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December 1928


Author Affiliations


From the Department of the Laboratories, New York Post-Graduate Medical School and Hospital.

Arch Intern Med (Chic). 1928;42(6):916-930. doi:10.1001/archinte.1928.00130230118011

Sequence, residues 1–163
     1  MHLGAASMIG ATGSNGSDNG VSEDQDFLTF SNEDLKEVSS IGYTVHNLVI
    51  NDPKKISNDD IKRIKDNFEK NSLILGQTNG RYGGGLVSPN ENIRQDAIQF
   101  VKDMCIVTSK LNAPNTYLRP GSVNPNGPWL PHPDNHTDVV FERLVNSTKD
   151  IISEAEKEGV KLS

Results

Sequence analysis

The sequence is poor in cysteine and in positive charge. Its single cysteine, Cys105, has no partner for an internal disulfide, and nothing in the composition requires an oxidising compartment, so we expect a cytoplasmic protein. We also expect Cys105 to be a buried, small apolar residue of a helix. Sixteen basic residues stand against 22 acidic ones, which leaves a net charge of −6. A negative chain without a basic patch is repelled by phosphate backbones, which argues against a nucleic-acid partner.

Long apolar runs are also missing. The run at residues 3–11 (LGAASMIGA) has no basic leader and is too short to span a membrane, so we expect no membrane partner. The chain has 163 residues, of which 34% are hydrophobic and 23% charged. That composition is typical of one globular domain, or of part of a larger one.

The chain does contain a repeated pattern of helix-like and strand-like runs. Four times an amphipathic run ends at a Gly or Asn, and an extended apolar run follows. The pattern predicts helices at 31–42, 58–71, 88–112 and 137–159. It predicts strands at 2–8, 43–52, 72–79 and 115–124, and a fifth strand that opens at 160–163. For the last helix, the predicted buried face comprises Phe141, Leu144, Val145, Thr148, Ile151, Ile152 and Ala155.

The present day evidence, although incomplete, is in favor of the view that the bile acids are formed in the hepatic parenchyma, but what is the evidence on which this assumption is based? For many years, it was assumed that bile pigments were formed in the liver and could not be formed elsewhere. It is becoming increasingly evident that bile pigments are formed largely outside the liver and eliminated through the liver. That bile pigments are formed rapidly and abundantly in the circulation outside the liver is confirmed and extended by observations made by Mann and his collaborators,1 who employed complete extirpation of the liver and infusion of sugar in experiments lasting from twelve to eighteen hours. Is it possible that bile acids, in like fashion, may be formed outside the liver and merely eliminated by it? A discussion of these points has been made in a recent review2 and